Today we share good news from the Centre for Literacy in Primary Education and their annual Reflecting Realities report.
The latest Report shows that ethnic representation in children’s books has increased.
In 2017, only 1% of the children’s books published featured a main character of black, Asian or minority ethnic origins. This year, the report reveals that, 8% of children’s books published in 2020 featured a main character of black, Asian or minority ethnic origins.
We celebrate and acknowledge the progress that Reflecting Realities continues to highlight. We are so grateful to the team at CLPE for helping us all to shout about this issue at volume.
But this progress is also testament to the thousands of people who are campaigning for change at the big publishing houses. And to those setting up disruptive publishing houses. It is testament to the black and brown authors and illustrators. Those who have to split their time between creating and ‘representing’ because change is so frustratingly slow. Also to the Influencers, celebrities and journalists who continue to create awareness of the issue. And to all the booksellers who introduce children to incredible inclusive books, before they get buried beneath a mound of celebrity novels.
As an inclusive bookseller since 2018, we can see the change. We are selling thousands of books every week. Demand for inclusive books is high. And we are now being offered hundreds more titles, from publishers, every year that reflect the diversity of our population. There is so much more variety and so many more titles for us to choose from and that is a brilliant thing. Some of them are even funny!
As the report says,
“The volume of comedy titles in which characters of colour are located has continued to grow each year. From just one title in the first report to 10% of this year’s submissions.”
Some of our favourites include,
But to keep up our end of the work of Reflecting Realities, we now have to be even more discerning in our book choosing, to avoid tokenistic representation. Diversity isn’t a trend, and shouldn’t be seen as just a vehicle for selling more books. Although we are testament to the fact that inclusive books do sell, really well.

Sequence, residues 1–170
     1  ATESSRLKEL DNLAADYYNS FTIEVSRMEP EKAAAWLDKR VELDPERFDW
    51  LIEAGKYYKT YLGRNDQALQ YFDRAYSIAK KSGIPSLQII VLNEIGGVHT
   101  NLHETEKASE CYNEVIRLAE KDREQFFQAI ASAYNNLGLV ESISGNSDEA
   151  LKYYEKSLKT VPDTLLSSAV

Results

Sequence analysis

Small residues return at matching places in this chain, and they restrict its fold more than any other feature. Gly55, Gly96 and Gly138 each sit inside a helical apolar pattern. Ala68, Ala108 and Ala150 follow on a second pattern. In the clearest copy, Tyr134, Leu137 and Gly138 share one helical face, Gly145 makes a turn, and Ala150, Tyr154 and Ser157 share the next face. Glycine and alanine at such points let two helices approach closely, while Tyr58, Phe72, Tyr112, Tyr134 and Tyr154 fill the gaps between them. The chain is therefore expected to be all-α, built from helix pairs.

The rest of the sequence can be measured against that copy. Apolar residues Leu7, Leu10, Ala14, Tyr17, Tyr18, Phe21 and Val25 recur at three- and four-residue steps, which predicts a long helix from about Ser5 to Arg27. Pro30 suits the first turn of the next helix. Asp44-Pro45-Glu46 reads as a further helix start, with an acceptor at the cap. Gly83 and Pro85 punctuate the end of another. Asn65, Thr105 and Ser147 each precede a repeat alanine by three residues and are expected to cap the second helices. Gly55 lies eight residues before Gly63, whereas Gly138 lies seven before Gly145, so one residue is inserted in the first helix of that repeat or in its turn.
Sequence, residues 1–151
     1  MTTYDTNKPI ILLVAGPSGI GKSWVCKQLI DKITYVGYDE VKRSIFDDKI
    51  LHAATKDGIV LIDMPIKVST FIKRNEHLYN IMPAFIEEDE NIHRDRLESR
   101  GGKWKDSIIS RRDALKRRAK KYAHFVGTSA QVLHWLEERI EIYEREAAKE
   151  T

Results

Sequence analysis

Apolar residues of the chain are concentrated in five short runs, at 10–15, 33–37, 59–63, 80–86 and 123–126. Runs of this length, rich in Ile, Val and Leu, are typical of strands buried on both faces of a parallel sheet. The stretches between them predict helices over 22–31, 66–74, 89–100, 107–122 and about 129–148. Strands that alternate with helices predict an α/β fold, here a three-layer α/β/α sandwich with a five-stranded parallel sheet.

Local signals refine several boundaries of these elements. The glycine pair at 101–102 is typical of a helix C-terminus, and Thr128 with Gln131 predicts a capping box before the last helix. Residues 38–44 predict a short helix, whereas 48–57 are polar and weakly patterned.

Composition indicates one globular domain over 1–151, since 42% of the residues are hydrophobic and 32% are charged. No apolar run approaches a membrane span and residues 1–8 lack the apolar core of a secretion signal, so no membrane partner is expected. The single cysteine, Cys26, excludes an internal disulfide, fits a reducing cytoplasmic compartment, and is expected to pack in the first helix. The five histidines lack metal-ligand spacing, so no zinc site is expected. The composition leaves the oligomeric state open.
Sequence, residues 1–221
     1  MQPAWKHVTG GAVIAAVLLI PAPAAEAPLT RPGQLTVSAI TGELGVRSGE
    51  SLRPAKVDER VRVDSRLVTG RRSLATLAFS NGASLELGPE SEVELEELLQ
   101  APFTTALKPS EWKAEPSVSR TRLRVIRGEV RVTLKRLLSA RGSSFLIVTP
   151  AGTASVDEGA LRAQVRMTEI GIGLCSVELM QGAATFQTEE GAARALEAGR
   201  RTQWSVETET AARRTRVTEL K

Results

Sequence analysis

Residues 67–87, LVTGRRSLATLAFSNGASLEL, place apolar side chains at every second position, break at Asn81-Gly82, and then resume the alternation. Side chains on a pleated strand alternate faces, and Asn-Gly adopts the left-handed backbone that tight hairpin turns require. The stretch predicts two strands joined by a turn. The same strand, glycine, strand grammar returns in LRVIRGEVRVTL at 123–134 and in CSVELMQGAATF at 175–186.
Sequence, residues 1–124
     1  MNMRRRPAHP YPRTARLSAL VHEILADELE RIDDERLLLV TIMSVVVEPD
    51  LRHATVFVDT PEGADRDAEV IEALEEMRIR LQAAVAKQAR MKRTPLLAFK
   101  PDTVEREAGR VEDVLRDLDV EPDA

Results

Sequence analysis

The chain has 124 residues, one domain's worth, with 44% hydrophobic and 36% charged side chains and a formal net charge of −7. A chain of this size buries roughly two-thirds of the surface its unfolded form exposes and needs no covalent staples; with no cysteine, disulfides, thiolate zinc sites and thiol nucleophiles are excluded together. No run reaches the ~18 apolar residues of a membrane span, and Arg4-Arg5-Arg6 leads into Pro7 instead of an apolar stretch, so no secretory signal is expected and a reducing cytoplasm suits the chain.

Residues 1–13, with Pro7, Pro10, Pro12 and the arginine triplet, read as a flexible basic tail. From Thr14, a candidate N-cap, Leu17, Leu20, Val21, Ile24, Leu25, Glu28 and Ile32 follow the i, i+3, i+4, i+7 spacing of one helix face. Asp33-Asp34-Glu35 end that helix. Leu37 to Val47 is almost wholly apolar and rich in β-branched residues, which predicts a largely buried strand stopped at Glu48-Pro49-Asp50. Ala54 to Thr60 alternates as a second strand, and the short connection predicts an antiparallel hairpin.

For this change to be sustained, the creators of children’s books, must also reflect the diversity of our population.
From the report,
“The industry should continue to invest in both established and new authors from a range of backgrounds who are able to paint characters and worlds with the integrity that the subject matter deserves.”
Diverse bookshelves are crucial for every child. It is essential we continue to see this progress year on year, until all children see themselves in books.
Primary School Literacy
And we have to get these books into schools.
A report released by the National Literacy Trust on Tuesday, said,
- School libraries face a chronic lack of investment, with the most disadvantaged communities most affected: 1 in 8 primary schools in England do not have a library, and this jumps to 1 in 4 schools with a higher proportion of children on free school meals. There is no statutory requirement for schools to have a library.
This report research revealed that 40% of schools couldn’t afford books. But when we spoke to 100 schools as part of our Crowdfunder, we found 80% had no budget for books at all. Whatever the number, the situation is bleak for primary school literacy.
Which is why we have launched our business memberships. This initiative encourages businesses who have thrived in the pandemic to work with their local communities to rebuild primary school libraries.
For as little as £250 businesses can donate books to schools and start transforming those collections.
When children love to read they are more likely to succeed academically in all subjects.
Books change lives.
To find out more information about our business memberships here.
And to be part of the change and help families diversify their bookshelves this Christmas, head on over to our Christmas Shop.